in re: http://www.nytimes.com/2010/05/21/business/21regulate.html?hp
Never have so many people who know so little about finance been so sure about a subject so fiduciary. Now, as a plumber by trade (plumbing the depths of my infinite loneliness on this Blog), I have never used the word "fiduciary" until right now, and had you asked me yesterday what "fiduciary" meant, I would have guessed it referred to some sort of petting zoo for vaginal cleansers. But now that I have been involuntarily drafted into the Main Street army in the war against Wall Street (actually "War against Wall Street II," the first War Against Wall Street being waged by the successful(!) Committee to Nominate Fatal Attraction for Best Picture, 1987), now that I have been mindlessly pitted against the bankers, I sling the Street slang around glancingly, carelessly, just in case somewhere in my nonsensical rabble-rousing and horse-shit-straganza there happens to lie a salient point about the current crisis.
As a member of the Sharks (as the Wall Street team can only be the Jets (e.g. they fly in private ones)), I know three things about all investment bankers:
1. They have fat fingers.
2. They root for the Yankees.
3. They deserve to have the everloving shit taxed out of them.
Point number three is one that everyone seems to agree on, or so it seems to me, from the snippets of commentary I happen to catch while scrolling as fast as my pg dn button can go through the Reader's Recommendation comments on the New York Times website, and from absently watching MSNBC, CNBC, Fox News, Bloomberg News, and CNN simultaneously (hey Toshiba, your new PIPIPIPIP is great!); this is agreed upon by all people who live on Main Street (and for those of you late to the game, all of us non-bank-billionaire regular folk live on Main Street, even though real estate on Main Street is notoriously more expensive than it is on smaller, less desirable thoroughfares).
What good are these salami-necked pinstriped ass-caps doing for our nation that warrants such excessive salaries and exorbitant bonii (and let us not allow our populist anger to damage our grammar)? Shouldn't this invisibly-earned money be going to people who more directly impact our daily lives--teachers, firemen, pornographers, local governments, fetish pornographers, pornographic fetishists, graphopornical fish thiefs, fishological thrift fags? Should penny-pinching homosexual icthyophiles go without basic medical insurance just because their lobby isn't as powerful as the bankers'?
I say no, and everyone else does, too, and not just because we are the Sharks and have a natural affinity for fish-lovers. Sharks are mammals, R-tard, and everyone knows that; and what's more, Goldman Sachs can hold my balls if they think that anyone besides its employees and members of the Reagan Administration would call foul if the bankers' bonii (I know this arcane plural because I didn't major in Finance) were heavily taxed or simply taken away (because, as we learned from Reaganomics, when you tax legally-earned income, socialism therefore Hitler Q.E.D.).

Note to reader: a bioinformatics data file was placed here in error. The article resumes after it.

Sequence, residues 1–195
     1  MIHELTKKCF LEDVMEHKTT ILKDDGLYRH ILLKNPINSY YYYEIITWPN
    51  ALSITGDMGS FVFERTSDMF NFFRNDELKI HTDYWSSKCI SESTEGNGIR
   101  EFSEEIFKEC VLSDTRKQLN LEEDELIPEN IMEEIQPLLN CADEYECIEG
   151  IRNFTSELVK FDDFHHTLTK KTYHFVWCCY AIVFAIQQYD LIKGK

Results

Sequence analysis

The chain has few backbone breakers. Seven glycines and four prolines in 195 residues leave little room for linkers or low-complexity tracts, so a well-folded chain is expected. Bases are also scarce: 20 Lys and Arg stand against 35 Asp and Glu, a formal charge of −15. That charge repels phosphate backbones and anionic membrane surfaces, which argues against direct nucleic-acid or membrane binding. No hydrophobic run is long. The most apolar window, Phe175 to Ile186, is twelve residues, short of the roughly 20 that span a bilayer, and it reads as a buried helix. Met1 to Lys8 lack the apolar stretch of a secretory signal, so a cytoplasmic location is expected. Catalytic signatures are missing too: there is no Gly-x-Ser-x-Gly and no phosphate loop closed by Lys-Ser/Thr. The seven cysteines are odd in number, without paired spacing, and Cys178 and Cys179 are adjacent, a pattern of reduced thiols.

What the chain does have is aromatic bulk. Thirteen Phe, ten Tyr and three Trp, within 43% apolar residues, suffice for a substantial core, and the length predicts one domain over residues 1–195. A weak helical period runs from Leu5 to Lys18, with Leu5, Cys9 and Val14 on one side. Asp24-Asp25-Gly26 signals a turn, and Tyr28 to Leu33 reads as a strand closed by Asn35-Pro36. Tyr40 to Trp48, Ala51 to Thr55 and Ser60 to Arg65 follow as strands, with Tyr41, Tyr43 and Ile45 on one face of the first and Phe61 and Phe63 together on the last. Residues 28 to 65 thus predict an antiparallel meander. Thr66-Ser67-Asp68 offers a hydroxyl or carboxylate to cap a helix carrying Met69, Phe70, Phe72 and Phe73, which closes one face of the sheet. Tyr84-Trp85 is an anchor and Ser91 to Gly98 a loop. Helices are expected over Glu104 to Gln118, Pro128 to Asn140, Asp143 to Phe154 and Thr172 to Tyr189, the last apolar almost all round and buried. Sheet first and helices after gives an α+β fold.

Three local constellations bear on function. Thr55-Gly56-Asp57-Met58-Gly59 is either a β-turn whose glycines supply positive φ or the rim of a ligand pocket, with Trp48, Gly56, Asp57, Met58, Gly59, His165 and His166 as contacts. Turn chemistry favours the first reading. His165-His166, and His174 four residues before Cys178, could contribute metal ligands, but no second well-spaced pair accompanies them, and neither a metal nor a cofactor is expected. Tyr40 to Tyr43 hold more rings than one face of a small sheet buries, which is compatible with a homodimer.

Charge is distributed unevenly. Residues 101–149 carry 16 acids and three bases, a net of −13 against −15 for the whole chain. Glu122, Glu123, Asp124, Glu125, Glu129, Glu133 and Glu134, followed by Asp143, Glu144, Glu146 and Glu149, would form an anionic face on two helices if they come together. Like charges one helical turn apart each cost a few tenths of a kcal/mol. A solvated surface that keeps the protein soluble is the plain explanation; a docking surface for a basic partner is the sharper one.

It won't happen, of course. The bankers are too powerful. They always get their way--I think we've all read the first 19 pages of Bonfire of the Vanities (dude was livin' it UP!). It also won't happen because excessive taxation isn't fair, because Hitler, because I suppose it might not be legal, and also, let us not forget another cornerstone of American history, that just because several companies were propped up by taxpayers doesn't mean that a bunch of already well-off men who wouldn't even have jobs any more in the first place don't deserve their bonii that put them 9,000,000% over the poverty line. It wouldn't be fair, Mussolini, so stop suggesting it, Chiang Kai Shek.
The financial overhaul bill passed by the Senate, and the driving force behind this post (beside the titanic rage constantly boiling in my impoverished blood (I would get a pill for it, but I can't afford health insurance)), will probably do little to Robin Hood the everloving shit out of the bankers. The buzzword of the bill is "oversight," and as we all know, the best thing that ever comes out of "oversight" is a peek at a naked lady's boobies through an apartment window visible from the top of the Empire State Building. Yes, I have very little faith in government oversight, given that the government already oversees KFC, which it not only allowed to mass produce the globular calorie Clogzilla known as the Double Down, but that has also has yet to arrest and imprison the creator of this homegrown enemy to the United States.
No, government oversight has not led to the squashing of the Double Down, and now it will more than likely allow the financial double down to continue ad infinitum, or at least until everything explodes again and a fatcat is forcibly dragged from his Box Seats during the afternoon game of a weekend Subway Series, his fat fingers frantically BBMing his desperate Yale summer interns for "hgel[p!!!@!" I hope such an ugly scene at such an ugly ballpark need not take place, that the battle of the Jets versus the Sharks never comes to blows or riots (see: Thailand (This Land Is)), that the war remains one of words and snapping (though we all doubt the Jets' ability to snap, what with those fat sweaty fingers and all); and if I had two wishes, I would also wish that one day the economy will be well enough that I can buy my modest suburban home, at a reasonable interest rate, with no risk of sudden unemployment or foreclosure, and that, on that Saturday afternoon while the fat-fingered Goldman man enjoys his overpaid baseball team from his overpaid baseball seat, I can enjoy a leisurely day off with my kids, with enough disposable income to afford the entrance to the new, State-funded New Jersey Fiduciary and Petting Zoo.